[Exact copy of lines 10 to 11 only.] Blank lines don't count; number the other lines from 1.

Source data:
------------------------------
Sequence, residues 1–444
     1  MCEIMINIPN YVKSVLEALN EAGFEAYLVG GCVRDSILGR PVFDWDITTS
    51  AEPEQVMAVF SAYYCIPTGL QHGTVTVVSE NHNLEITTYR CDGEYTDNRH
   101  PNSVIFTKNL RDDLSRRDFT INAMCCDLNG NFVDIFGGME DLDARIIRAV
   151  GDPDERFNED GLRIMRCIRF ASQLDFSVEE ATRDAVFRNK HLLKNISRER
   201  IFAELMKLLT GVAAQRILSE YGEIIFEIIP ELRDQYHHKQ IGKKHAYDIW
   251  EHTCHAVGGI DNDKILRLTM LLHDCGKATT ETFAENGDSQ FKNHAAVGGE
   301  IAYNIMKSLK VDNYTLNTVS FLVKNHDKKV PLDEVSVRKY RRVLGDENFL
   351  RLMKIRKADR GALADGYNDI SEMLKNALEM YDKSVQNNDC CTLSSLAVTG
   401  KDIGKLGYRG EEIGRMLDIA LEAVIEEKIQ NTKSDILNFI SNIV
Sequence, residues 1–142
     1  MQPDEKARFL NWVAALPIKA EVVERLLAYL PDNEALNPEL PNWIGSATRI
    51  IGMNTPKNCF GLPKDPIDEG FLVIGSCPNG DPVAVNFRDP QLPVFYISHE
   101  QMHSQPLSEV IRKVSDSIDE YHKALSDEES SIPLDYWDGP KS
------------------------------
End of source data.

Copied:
   401  KDIGKLGYRG EEIGRMLDIA LEAVIEEKIQ NTKSDILNFI SNIV
Sequence, residues 1–142